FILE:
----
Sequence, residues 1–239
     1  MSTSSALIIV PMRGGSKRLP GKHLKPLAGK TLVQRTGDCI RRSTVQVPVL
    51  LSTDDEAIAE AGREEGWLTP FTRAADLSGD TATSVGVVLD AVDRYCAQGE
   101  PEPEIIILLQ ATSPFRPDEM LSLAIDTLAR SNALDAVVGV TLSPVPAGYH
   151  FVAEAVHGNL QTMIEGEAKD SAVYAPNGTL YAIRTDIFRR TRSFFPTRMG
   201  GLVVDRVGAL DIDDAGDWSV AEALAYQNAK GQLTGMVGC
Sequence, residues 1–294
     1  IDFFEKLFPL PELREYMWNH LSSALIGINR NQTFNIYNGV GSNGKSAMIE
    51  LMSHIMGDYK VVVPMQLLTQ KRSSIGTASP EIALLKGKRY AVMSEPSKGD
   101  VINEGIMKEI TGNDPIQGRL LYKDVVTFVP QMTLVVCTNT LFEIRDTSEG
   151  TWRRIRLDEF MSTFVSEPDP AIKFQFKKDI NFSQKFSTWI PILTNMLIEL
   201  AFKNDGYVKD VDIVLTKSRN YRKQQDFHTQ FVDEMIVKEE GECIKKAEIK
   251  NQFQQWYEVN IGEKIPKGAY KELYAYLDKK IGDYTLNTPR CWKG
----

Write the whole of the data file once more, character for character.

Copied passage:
Sequence, residues 1–239
     1  MSTSSALIIV PMRGGSKRLP GKHLKPLAGK TLVQRTGDCI RRSTVQVPVL
    51  LSTDDEAIAE AGREEGWLTP FTRAADLSGD TATSVGVVLD AVDRYCAQGE
   101  PEPEIIILLQ ATSPFRPDEM LSLAIDTLAR SNALDAVVGV TLSPVPAGYH
   151  FVAEAVHGNL QTMIEGEAKD SAVYAPNGTL YAIRTDIFRR TRSFFPTRMG
   201  GLVVDRVGAL DIDDAGDWSV AEALAYQNAK GQLTGMVGC
Sequence, residues 1–294
     1  IDFFEKLFPL PELREYMWNH LSSALIGINR NQTFNIYNGV GSNGKSAMIE
    51  LMSHIMGDYK VVVPMQLLTQ KRSSIGTASP EIALLKGKRY AVMSEPSKGD
   101  VINEGIMKEI TGNDPIQGRL LYKDVVTFVP QMTLVVCTNT LFEIRDTSEG
   151  TWRRIRLDEF MSTFVSEPDP AIKFQFKKDI NFSQKFSTWI PILTNMLIEL
   201  AFKNDGYVKD VDIVLTKSRN YRKQQDFHTQ FVDEMIVKEE GECIKKAEIK
   251  NQFQQWYEVN IGEKIPKGAY KELYAYLDKK IGDYTLNTPR CWKG